User currently offlineThecoz From , joined Dec 1969, posts, RR:
Reply 7, posted (9 years 8 months 2 weeks 4 days 1 hour ago) and read 2393 times:

I think the penny trays are great too.

But if you were to take your change home and collect it for a while, you'd be amazed at how much extraneous cash that is spent.

I have a box of change that's too heavy to pick up. I've head it for a couple of years so far.

That reminds me, anyone here in favor of getting rid of the penny?


User currently offlineLogan22L From , joined Dec 1969, posts, RR:
Reply 8, posted (9 years 8 months 2 weeks 4 days 1 hour ago) and read 2391 times:

Thecoz: LMFAO, I know what you mean. Getting a tip for taking your money. LMAYFC (e-mail me if you want the definition, but you can figure it out). PROSA is right, too. Tibits of change are f-ing ridiculous. Quarters should be the lowest denomination. Thinkk of how much money retailers and the gov't could make. When was the last time that $19.99 made you feel that you were paying less than $20.00? WTF, that penny could go somewhere important!

Logan


User currently offlineMdsh00 From United States of America, joined May 2004, 4124 posts, RR: 8
Reply 9, posted (9 years 8 months 2 weeks 4 days ago) and read 2379 times:

Dfw,

If I'm at a sit-in restaurant, I usually just look at the amount that I was taxed. Since most sales taxes in CA are aroun 7.75-8.25%, I usually just double that and add it to the total...plus a bit more.



"Look Lois, the two symbols of the Republican Party: an elephant, and a big fat white guy who is threatened by change."
User currently offlineJ_hallgren From United States of America, joined Jun 2000, 1507 posts, RR: 0
Reply 10, posted (9 years 8 months 2 weeks 4 days ago) and read 2376 times:

There are times when having the penny makes "cents"! Such as at hardware store...I can buy the 10 screws I need at 7 cents apiece..total = $.70...If we did away with penny, and switched to nickel as smallest, they would charge 10 cents each...thus it would be $1...which would be almost 50% more...I know they say it would average out in long run...but I think it would increase prices...


COBOL - Not a dead language yet!
User currently offlineN317AS From , joined Dec 1969, posts, RR:
Reply 11, posted (9 years 8 months 2 weeks 4 days ago) and read 2372 times:

Here is a link to tipping questions (not cows). It covers cruise ships, bellhops, taxiis. Scroll down and it gets into the whos and wheres.

http://www.findalink.net/tippingetiquette.php


User currently offlineIFLYMCO From United States of America, joined Sep 2003, 482 posts, RR: 2
Reply 12, posted (9 years 8 months 2 weeks 3 days 22 hours ago) and read 2361 times:

AMS- I have a reverse question for you...

I've heard that in the Netherlands tipping is rare,is that true? Are there any exceptions? Taxi, Hotel, Waiter/Waitress?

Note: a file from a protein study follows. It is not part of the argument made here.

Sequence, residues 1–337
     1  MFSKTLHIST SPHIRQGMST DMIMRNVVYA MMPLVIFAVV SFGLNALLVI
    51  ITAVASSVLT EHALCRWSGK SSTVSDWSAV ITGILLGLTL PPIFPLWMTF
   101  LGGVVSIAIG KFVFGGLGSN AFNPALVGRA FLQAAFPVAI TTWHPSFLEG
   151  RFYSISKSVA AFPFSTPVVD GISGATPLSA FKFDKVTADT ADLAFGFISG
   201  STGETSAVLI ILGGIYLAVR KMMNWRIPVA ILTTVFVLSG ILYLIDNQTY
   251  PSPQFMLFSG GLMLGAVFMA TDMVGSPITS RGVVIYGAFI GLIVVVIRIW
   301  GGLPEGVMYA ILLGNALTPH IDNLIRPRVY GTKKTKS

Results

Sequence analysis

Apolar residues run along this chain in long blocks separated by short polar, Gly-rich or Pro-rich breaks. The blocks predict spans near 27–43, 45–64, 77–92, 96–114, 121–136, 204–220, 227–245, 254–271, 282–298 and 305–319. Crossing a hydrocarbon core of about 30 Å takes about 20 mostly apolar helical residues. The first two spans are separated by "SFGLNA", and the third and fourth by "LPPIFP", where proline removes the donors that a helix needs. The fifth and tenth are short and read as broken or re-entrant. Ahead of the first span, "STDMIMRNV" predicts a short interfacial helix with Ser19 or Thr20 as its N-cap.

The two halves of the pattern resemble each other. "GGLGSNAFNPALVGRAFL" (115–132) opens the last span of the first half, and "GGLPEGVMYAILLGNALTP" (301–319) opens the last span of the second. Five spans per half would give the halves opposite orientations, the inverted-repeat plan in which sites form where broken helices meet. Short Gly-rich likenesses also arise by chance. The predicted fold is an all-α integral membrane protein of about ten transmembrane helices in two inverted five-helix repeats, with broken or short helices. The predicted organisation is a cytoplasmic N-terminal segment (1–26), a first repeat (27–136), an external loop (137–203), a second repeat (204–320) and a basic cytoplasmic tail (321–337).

Now it should be "IFLYDCA"
User currently offlineJAXpax From , joined Dec 1969, posts, RR:
Reply 13, posted (9 years 8 months 2 weeks 3 days 17 hours ago) and read 2346 times:

But if you were to take your change home and collect it for a while, you'd be amazed at how much extraneous cash that is spent.

I typically use my debit card or credit card for just about everything to collect points/miles (I track the use of the credit card like I would a bank account and always pay it off in full), but just from the cash expenditures I have, I average about $30-35 in coins a month. It adds up.


User currently offlineAirplay From , joined Dec 1969, posts, RR:
Reply 14, posted (9 years 8 months 2 weeks 3 days 15 hours ago) and read 2321 times:

I recently had an American scold me for tipping in Slovenia. He said that tipping is not customary and there is no sense starting.

Years ago on a trip to the Yucatan region of Mexico I had similar advice from an American who told me I was "spoiling it for everyone" for tipping a taxi driver with the equivalent of about $1 US on a $4 cab ride.

So now when I visit the US, I follow his advise.


User currently offlineAirKas1 From Netherlands, joined Dec 2003, 3971 posts, RR: 55
Reply 15, posted (9 years 8 months 2 weeks 3 days 15 hours ago) and read 2315 times:

Hey Patrick,

Hope you don't mind me giving an answer to your question Smile

Here in Holland we don't tip like you do in the US. But there are of course the the known things, like a restaurant or hotel.

From my experience, in a restaurant (with good service/food) you tip some euros, I don't know of a percentage. But if your bill is about €45, and the service/food was good, you give them €50 and tell them to leave the change (in Dutch: Is goed zo.. Big grin Big thumbs up).

For a hotel I don't know, because when I'm in a hotel it's always abroad Smile/happy/getting dizzy

But we do tip, just not that often. It depends on the situation.